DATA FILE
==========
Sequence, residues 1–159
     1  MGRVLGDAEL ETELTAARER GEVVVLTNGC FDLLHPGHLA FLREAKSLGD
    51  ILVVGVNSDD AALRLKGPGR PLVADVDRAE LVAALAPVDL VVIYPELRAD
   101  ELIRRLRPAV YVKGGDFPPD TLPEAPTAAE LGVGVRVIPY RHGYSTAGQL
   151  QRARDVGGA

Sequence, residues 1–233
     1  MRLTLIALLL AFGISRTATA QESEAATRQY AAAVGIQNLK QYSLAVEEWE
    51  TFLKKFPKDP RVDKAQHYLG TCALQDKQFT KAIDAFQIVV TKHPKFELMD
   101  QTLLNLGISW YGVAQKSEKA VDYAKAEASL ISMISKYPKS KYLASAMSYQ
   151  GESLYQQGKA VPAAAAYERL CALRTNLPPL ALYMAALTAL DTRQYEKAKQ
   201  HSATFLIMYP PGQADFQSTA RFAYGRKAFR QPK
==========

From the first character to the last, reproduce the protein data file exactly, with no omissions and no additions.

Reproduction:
Sequence, residues 1–159
     1  MGRVLGDAEL ETELTAARER GEVVVLTNGC FDLLHPGHLA FLREAKSLGD
    51  ILVVGVNSDD AALRLKGPGR PLVADVDRAE LVAALAPVDL VVIYPELRAD
   101  ELIRRLRPAV YVKGGDFPPD TLPEAPTAAE LGVGVRVIPY RHGYSTAGQL
   151  QRARDVGGA

Sequence, residues 1–233
     1  MRLTLIALLL AFGISRTATA QESEAATRQY AAAVGIQNLK QYSLAVEEWE
    51  TFLKKFPKDP RVDKAQHYLG TCALQDKQFT KAIDAFQIVV TKHPKFELMD
   101  QTLLNLGISW YGVAQKSEKA VDYAKAEASL ISMISKYPKS KYLASAMSYQ
   151  GESLYQQGKA VPAAAAYERL CALRTNLPPL ALYMAALTAL DTRQYEKAKQ
   201  HSATFLIMYP PGQADFQSTA RFAYGRKAFR QPK